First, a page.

Saturday, December 10, 2022

Pictures of You

Photography | Brian Rope

Pictures of You | Hilary Wardhaugh

Belconnen Arts Centre | 2–17 December 2022, & 17 January - 5 February 2023

In 2017, Canberran John Brookes was given three months to live. He reached out to an artist to paint a memorial portrait. He is still going five years later and intends to continue for the foreseeable future!

Along the way, Brookes established Canberry Communications - a non-profit that supports communities including those with mental and/or physical disability. It develops arts projects in a range of media for small charities who may not otherwise have the resources to implement them. It believes strongly in giving a voice, enabling people to tell their own stories in unique and thought-provoking ways - looking beyond their 'issues' to the whole person.

This exhibition is the first outcome of one such arts project. Undertaken in collaboration with photographer Hilary Wardhaugh and the Belconnen Arts Centre, it was launched along with a number of other art exhibitions, each celebrating ageing or disability, on the eve of International Day of Persons with Disabilities, held worldwide annually to observe and highlight issues that affect people with disabilities.

More than a photographer, Wardhaugh is an artist, activist/provocateur, volunteer and creator of community. Her creative endeavours bring people together in the pursuit of a better world. Her interests involve the human condition: frailty, irony, contradiction. And she pursues topical and creative projects to highlight themes and issues reflecting those conditions.

Pictures of You takes a unique approach to portraying people with lived experience of being disabled or of being mental health consumers. Each person collaborated as equals with Wardhaugh to produce their portraits honestly reflecting them as whole persons and not just ‘consumers’ – a process that had surprising and inspirational results, both for the subjects and the artist.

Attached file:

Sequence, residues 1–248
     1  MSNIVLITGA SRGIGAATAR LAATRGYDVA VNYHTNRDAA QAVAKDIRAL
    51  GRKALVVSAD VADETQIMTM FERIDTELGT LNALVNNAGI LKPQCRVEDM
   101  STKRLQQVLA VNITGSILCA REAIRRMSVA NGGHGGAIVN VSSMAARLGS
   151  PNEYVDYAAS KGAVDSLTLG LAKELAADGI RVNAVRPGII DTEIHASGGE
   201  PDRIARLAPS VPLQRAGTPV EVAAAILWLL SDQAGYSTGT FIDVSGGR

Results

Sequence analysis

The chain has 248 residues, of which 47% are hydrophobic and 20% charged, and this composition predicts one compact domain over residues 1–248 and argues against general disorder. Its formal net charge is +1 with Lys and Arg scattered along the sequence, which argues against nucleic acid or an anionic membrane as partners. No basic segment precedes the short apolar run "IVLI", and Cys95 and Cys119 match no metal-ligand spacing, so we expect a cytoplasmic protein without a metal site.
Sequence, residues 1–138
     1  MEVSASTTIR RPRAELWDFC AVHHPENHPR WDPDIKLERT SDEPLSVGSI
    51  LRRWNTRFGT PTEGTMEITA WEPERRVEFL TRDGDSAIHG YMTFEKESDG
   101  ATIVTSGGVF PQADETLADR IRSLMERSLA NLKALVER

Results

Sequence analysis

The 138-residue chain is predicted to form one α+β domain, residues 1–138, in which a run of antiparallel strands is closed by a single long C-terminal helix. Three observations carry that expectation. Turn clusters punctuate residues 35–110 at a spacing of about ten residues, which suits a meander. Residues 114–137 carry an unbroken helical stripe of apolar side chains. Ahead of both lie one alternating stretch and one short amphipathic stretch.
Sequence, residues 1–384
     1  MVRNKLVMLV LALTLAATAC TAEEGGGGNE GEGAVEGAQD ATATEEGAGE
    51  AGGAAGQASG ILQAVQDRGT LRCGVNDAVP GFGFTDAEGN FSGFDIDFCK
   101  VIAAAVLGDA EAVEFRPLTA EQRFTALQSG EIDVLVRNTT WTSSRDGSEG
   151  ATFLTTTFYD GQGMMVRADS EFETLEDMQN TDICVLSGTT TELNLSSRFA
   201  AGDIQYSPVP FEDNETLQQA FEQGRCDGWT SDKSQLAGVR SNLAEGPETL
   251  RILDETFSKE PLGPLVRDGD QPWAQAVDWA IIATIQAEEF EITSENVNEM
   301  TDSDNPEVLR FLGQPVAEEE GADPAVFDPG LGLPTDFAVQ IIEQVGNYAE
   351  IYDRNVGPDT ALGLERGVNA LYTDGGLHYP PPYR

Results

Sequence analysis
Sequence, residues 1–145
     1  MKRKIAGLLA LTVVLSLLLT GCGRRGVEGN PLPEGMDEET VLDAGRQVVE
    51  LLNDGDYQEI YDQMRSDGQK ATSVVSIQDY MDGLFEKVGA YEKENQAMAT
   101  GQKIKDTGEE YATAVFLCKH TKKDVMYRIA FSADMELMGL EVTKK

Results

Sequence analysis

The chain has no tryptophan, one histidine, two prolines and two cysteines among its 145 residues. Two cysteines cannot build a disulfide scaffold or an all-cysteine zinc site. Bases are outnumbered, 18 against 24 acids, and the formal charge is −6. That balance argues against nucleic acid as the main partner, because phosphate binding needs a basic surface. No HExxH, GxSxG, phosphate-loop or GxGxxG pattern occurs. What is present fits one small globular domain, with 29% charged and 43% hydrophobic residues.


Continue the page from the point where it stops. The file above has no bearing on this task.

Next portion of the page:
The collaborations asked a question - have you ever tried to explain how it is to be YOU? To a friend, a partner, your family, a professional – even to yourself? Now it asks us to imagine having a disability or being a mental health consumer, to think about the prejudices that come with that, and the challenges of engaging people to look beyond our imagined disability to the whole of our personalities.

It is suggested, correctly, that an image: a single depiction of mood, hopes, fears, strengths and personality, can say so much more than words. Imagine having an image that is YOU, that sums up who and what you are, a source of pride that you can keep, display and say…“this is me.”

This is the focus of the Pictures of You exhibition, a modest yet important show highlighting that people with disabilities and mental health consumers are equal to everyone else, have as much to offer and give as the rest of us, are people to be admired and loved just as much as every other person. They have feelings, they have skills and talents, they can do all sorts of things. There are images of individuals and one group shot of some talented, determined, enthusiastic, and absolutely impressive people with disability in the Rebus Theatre family.

Most, perhaps all, of the people portrayed in Wardhaugh’s artworks were present at the opening and gladly lined up for group shots with the artist and others. It was wonderful to see the people alongside their portraits. Bruno would probably have loved to play his guitar for everyone in the large crowd.

Bruno Cirillo © Hilary Wardhaugh

The Rebus folk no doubt would also have loved to perform show their talents.

Rebus © Hilary Wardhaugh

Go take a look and ask yourself who these portrayed people are.

Arto © Hilary Wardhaugh

Eleanor Waight © Hilary Wardhaugh

Glen © Hilary Wardhaugh

Melissa Hammond © Hilary Wardhaugh

Some other photographic artworks amongst the companion exhibitions are also well worth seeing. Indeed, I encourage you to see all the exhibitions.

This review was first published online by The Canberra Times here and then printed on 10/12/22. It is also available on the author's blog here.